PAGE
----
MECS Blog

Hope and Creativity

Hope and Creativity

Thursday, 4 May 2017  | Brad - MS Coordinator
In January of this year, my wife Anna, our 13-month-old son Sammy, and I caught the train into the city to eat some lunch, do a bit of shopping, check out some comic shops, and enjoy each other’s company.

We spent some time wandering around Flinders St, Elizabeth St, Collins St, and Queen St, looking for a restaurant that captured our eye and was somewhat pram accessible - an important consideration in our current stage of life! Not really finding anything, we made our way up Bourke St and turned down Hardware Lane to see what we could find. Ultimately, we came across a burger place that checked the right boxes and sat down to our meal.

Feeling satisfied with the food and the conversation, we paid our bill, loaded up the pram, and headed back towards Bourke St. As we walked, we took in our surroundings: the bricks underfoot, the trees, the canopies and pedestrians and buildings; the combination of history and modernity. It was a lovely day.

As we reached the intersection, however, a maroon blur flashed by on the far side of the road, sending numerous people flying into the air. The moments that followed seemed to pass in slow motion as we tried to make sense of what we’d just seen:
    That was a car...
    It was going really fast...
    It was driving along the footpath...
    And it was hitting people.

Anna and I stood in shock of what had just happened. We’d been walking up that footpath less than an hour earlier. Some people ran across the road to give aid to those who had been hit. Some people cried. Some people talked about terrorism, while others asked how something like this could happen.

In watching the news, reading the newspaper, or scrolling through a Facebook feed, we seem to be bombarded with stories of violence, hatred, and fear: war in Syria, escalating tension between North Korea and the United States, terrorist attacks in France, unrest in Turkey. The prevalence of such stories can easily leave one with a sense of defeat, despair, and utter hopelessness. That is why, as an unashamedly Christian school, it is so important that we offer our students a different story, a counter-cultural story. A story brimming with hope and creativity.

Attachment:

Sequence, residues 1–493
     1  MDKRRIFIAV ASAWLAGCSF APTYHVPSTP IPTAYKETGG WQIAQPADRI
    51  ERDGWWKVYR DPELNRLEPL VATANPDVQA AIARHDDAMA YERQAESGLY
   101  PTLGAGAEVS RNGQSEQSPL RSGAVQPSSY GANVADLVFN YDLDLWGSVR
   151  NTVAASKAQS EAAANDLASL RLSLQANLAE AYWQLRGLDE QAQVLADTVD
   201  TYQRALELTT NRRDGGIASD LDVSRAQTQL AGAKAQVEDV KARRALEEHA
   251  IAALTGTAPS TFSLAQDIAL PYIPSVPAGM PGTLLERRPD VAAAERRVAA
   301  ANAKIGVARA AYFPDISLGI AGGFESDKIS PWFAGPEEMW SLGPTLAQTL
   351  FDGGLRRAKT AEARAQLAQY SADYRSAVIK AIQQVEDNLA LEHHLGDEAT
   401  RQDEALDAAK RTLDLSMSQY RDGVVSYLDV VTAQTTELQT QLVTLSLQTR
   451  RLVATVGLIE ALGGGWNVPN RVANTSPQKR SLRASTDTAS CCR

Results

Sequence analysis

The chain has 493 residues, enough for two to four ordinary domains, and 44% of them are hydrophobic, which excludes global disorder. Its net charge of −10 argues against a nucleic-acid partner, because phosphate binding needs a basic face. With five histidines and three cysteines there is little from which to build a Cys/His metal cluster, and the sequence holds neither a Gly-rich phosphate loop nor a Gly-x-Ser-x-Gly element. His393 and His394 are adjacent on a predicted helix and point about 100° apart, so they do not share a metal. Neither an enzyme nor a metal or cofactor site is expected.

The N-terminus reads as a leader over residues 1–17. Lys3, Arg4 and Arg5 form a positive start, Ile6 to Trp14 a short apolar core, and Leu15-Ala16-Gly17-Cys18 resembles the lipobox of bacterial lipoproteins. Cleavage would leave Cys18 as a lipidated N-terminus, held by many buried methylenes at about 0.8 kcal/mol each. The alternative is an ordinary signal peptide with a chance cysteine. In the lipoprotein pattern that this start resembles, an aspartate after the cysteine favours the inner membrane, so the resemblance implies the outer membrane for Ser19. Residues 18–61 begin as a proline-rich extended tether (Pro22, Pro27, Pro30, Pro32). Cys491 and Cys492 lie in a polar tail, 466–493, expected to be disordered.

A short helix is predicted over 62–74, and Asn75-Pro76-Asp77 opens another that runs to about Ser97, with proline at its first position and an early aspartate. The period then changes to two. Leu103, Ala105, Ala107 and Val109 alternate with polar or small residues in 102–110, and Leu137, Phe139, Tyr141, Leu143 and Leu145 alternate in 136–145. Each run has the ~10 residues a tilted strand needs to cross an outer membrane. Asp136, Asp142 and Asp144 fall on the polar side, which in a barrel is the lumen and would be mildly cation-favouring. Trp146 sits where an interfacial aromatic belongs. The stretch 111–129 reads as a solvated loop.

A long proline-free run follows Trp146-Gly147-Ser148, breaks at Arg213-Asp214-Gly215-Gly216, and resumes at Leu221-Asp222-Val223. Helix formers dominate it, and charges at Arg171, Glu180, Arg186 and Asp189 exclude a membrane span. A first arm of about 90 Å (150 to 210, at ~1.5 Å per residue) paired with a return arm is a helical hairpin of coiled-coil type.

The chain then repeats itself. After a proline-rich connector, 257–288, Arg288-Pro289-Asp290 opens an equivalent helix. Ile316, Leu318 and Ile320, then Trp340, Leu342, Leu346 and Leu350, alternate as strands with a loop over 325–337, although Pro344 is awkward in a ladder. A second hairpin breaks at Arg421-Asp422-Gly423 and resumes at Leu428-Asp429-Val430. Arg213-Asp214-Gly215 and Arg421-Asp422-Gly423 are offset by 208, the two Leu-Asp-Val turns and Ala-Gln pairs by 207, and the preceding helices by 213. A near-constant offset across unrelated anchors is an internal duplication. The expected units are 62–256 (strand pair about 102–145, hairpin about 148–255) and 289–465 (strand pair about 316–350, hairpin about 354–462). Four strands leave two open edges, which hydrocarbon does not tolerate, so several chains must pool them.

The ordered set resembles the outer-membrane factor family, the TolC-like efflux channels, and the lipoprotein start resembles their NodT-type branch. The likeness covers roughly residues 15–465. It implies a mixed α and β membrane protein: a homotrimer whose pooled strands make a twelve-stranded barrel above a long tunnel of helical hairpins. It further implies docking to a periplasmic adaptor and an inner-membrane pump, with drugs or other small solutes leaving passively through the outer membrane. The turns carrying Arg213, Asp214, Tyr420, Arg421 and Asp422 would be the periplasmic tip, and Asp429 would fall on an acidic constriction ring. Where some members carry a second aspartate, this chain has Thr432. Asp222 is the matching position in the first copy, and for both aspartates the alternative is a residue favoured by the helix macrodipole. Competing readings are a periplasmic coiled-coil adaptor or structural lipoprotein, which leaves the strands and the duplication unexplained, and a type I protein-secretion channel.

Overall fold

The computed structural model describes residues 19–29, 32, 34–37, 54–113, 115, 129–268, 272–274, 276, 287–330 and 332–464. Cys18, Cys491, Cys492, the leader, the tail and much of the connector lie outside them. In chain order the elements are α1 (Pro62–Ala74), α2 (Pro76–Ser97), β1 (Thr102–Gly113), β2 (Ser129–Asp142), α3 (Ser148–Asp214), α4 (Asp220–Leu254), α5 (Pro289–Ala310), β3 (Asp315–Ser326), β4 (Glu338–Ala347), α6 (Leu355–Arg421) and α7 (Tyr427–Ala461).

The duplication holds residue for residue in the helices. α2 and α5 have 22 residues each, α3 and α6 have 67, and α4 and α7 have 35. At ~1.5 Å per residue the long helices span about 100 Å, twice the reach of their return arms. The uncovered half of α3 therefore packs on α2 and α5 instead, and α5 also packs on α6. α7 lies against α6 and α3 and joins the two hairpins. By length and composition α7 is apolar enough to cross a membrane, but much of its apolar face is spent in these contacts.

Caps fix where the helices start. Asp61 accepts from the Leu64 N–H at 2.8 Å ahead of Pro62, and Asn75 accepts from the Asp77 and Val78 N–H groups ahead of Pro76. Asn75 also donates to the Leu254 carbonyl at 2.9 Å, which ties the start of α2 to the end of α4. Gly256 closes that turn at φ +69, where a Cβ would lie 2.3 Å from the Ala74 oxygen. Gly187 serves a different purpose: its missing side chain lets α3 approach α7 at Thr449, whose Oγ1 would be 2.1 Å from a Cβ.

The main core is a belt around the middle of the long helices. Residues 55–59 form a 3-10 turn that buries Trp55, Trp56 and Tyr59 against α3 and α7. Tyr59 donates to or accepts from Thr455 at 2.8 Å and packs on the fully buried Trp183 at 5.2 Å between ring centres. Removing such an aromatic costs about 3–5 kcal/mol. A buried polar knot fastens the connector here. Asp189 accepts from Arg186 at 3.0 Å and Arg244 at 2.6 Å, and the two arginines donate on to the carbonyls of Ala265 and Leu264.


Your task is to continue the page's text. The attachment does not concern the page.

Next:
Creativity is a frequently misunderstood concept and we are often far too reductive in its usage. We limit the concept to things we can do, things we can make: writing poems, building furniture, cooking meals. True, these things are all products of creativity, but what is the essence of creativity? What is it at its core?

Creativity is the ability to see things not just as are they are now, but the way they could be. It is the ability to see beyond the external and peer into inherent potential. It is the ability to look at a blank page and see the potential for a sonnet, to look at a pile of lumber and see the potential for a coffee table, to look at a range of ingredients and see the potential for a delicious lasagne.

Yes, the world is imperfect. Yes, there is evil in the world. There is violence and hatred and greed. We will endure pain and hardship and loss. But that is not the sum total of our existence. There is beauty in the world. There is love and awe and wonder. There is goodness. God placed it in our world as part of His original design and He invites us to seek it out and bring it to the attention of others for His glory.

Romans 5:2b-4 (NIV) sums it up like this:
“And we boast in the hope of the glory of God. 3 Not only so, but we also glory in our sufferings, because we know that suffering produces perseverance; 4 perseverance, character; and character, hope.”
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